President Trump has openly declared war on Robert Mueller, the special counsel investigating the Russian saga. The president clearly wishes he could fire Mueller; his associates say he's mused about that for weeks. Now, by stepping up the pressure, he's moving toward a showdown, and a possible constitutional crisis.
There's plenty of other craziness billowing from the White House: lawyers considering whether the president can pardon himself, the president publicly denouncing his attorney general for failing to protect him. But the clearest portent of a crisis is the president's increasingly evident desire to be rid of the meddlesome prosecutor, who appears to be doing his job too well.
The trigger: Mueller's investigators have reportedly begun looking for evidence of Trump family business deals with Russians — deals the president says never existed.
According to the Washington Post, Trump was especially angry about reports that Mueller was seeking his tax returns, documents the president has guarded fiercely even when it was politically risky to do so.
So far, Trump and his growing army of lawyers are attacking Mueller on two fronts.
First, the scope of Mueller's mandate. Trump told the New York Times that if the special counsel looks into the workings of his family firm, "That's a violation."
"The investigation should stay within the confines of Russian meddling in the election," his spokeswoman, Sarah Huckabee Sanders, explained. "Nothing beyond that."
That's an unusually narrow definition of the special counsel's mandate — unreasonably narrow, in fact. When Deputy Atty. Gen. Rod Rosenstein appointed Mueller as special counsel, he gave Mueller authority to look into "any links and/or coordination between the Russian government and individuals associated with the campaign." If Trump had business relationships with Russians who could be acting on behalf of Vladimir Putin, that would seem quite relevant.
The nightmare haunting Trump, of course, is the history of past counsels — especially Kenneth Starr, who took an inquest into Bill Clinton's family finances and turned it into an investigation of sex and perjury.
Back then, Democrats objected to Starr's expansive definition of his mandate. But he was an independent counsel; Clinton had no power to fire him and never seriously tried to remove him from office. As a special counsel, Mueller is in a different position. Unlike an independent counsel, he reports to the Justice Department. He can't be fired just because the president is worried about what he might find. But he can be removed if he violates department regulations — which made Trump's use of the word "violation" intriguing.
Trump also attacked Mueller on another front, one that initially seemed puzzling: the notion that the special counsel is burdened by multiple conflicts of interest.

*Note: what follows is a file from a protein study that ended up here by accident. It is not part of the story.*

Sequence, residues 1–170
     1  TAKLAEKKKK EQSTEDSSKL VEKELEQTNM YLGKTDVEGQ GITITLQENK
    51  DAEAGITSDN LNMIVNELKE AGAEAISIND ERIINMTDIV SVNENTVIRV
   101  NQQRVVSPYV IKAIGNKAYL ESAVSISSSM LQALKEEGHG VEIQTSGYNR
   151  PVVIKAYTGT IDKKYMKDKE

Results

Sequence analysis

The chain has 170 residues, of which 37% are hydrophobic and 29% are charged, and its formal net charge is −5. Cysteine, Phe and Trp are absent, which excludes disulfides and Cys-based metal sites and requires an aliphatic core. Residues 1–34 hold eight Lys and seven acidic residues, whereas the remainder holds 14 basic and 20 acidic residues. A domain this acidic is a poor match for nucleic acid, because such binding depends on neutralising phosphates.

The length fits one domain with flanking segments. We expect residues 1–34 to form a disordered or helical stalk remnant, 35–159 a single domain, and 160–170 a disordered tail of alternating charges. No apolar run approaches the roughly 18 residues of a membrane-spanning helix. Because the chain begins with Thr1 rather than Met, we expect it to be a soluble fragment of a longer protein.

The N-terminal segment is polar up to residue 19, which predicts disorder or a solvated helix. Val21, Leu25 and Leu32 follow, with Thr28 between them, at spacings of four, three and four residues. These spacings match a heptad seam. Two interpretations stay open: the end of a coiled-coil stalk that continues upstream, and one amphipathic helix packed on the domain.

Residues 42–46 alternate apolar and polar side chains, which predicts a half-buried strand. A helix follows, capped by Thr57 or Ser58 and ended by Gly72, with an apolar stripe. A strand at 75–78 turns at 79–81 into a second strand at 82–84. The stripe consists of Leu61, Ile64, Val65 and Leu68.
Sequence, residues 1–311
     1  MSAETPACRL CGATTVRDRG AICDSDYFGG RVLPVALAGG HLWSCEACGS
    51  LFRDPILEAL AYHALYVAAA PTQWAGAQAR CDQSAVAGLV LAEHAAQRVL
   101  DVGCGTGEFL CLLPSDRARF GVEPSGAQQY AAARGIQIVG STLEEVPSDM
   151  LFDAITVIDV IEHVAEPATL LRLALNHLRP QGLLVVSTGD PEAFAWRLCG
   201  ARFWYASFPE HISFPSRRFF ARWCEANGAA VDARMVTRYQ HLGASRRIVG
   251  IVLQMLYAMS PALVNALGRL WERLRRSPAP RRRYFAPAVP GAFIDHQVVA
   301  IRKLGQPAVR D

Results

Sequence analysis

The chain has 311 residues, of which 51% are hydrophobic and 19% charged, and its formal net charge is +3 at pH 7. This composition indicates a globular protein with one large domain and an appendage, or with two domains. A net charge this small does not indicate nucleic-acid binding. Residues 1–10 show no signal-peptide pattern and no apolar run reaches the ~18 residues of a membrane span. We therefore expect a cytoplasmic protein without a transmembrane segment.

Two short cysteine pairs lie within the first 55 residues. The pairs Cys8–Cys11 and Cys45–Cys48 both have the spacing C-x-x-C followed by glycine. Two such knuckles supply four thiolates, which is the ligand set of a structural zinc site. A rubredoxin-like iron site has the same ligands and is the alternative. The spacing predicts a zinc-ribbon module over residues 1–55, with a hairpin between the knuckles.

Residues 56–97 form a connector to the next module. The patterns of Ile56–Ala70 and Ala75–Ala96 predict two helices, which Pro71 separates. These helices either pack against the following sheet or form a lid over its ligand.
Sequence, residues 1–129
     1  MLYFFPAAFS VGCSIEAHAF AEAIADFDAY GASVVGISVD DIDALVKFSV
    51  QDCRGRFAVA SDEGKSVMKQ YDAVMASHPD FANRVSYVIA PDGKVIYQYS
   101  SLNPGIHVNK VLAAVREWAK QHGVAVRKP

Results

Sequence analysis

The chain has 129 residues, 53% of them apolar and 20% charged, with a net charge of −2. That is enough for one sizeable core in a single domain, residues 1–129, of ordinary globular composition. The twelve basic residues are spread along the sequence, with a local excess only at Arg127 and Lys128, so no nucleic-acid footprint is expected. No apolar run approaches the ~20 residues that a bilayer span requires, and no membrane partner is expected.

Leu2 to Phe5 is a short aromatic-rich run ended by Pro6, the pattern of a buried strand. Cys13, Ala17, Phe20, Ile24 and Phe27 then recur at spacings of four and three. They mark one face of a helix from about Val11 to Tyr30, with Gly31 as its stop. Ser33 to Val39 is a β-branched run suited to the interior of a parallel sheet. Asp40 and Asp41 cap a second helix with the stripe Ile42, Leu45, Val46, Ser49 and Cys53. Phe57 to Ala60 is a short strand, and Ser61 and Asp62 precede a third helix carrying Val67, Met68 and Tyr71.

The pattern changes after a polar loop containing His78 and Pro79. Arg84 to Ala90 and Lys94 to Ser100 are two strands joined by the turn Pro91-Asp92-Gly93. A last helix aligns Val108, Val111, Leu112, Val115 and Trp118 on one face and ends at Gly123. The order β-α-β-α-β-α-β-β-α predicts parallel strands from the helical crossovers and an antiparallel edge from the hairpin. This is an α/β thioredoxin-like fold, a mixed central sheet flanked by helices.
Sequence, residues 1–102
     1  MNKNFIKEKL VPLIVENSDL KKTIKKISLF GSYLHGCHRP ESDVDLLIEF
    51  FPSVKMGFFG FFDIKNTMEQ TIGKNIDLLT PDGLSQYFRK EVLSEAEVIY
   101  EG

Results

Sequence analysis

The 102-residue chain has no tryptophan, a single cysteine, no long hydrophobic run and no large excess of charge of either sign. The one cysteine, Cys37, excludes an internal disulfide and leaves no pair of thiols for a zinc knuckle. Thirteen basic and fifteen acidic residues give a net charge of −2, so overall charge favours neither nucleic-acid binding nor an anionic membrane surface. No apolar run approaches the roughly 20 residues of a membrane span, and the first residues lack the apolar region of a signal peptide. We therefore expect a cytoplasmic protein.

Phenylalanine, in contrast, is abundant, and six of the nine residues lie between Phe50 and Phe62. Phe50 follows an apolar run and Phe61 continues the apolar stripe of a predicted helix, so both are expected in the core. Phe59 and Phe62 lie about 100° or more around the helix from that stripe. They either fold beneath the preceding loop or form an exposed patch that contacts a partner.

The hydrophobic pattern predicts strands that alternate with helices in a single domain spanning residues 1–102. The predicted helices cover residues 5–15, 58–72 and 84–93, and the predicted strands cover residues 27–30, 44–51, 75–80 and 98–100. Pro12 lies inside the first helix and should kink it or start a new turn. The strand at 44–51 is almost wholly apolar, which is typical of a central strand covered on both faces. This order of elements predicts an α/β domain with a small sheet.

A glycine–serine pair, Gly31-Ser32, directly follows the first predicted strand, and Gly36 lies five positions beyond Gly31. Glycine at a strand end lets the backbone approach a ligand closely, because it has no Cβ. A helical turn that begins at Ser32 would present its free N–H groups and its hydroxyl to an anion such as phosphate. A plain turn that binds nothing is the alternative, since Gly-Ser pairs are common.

The day before Mueller was appointed special counsel, Trump interviewed him as a possible director of the FBI, a post he previously held from 2001 to 2013. "He wanted the job," Trump told the New York Times. "Talk about conflicts." (Except it's not clear why that would constitute a conflict.)
"There were many other conflicts that I haven't said, but I will at some point," Trump added.
Here's an exotic one: White House advisors told the Post that Mueller once had a dispute with the Trump National Golf Course near Washington over membership fees.
If that's the best they can do, they'd better keep looking. But that's the point: Trump and his aides sound as if they're looking for any excuse to get rid of Mueller. "Conflict of interest" is also on the list of reasons for which the Justice Department can fire a special counsel, along with "misconduct, dereliction of duty [and] incapacity."
Trump faces a practical problem if he wants to restrict Mueller's mandate or fire him outright. He'll need help from Rosenstein, the Justice Department's No. 2, who is the special counsel's immediate supervisor. Last month, Rosenstein told Congress he saw no reason that would justify Mueller's removal.
If he decides to act, Trump will either need to change Rosenstein's mind or replace him with someone more tractable. And that would send his presidency straight into another Saturday Night Massacre, the 1973 episode when President Nixon ordered his rebellious underlings to fire a special prosecutor. Watergate analogies have been too casually invoked over the last six months, but they're looking more relevant by the day.
To head off a presidency-destroying disaster, Republican leaders should warn Trump that if he tries to fire Mueller, the consequences will be dire. But only a few have dared do so in public. Some privately say they don't think he'd listen. Others, including former House Speaker Newt Gingrich, have been egging Trump on.
The best place for Republicans to take a stand is on Fox News, of course, where they can be sure Trump will hear them — even though he may not understand why they're not putting his interests before the country's.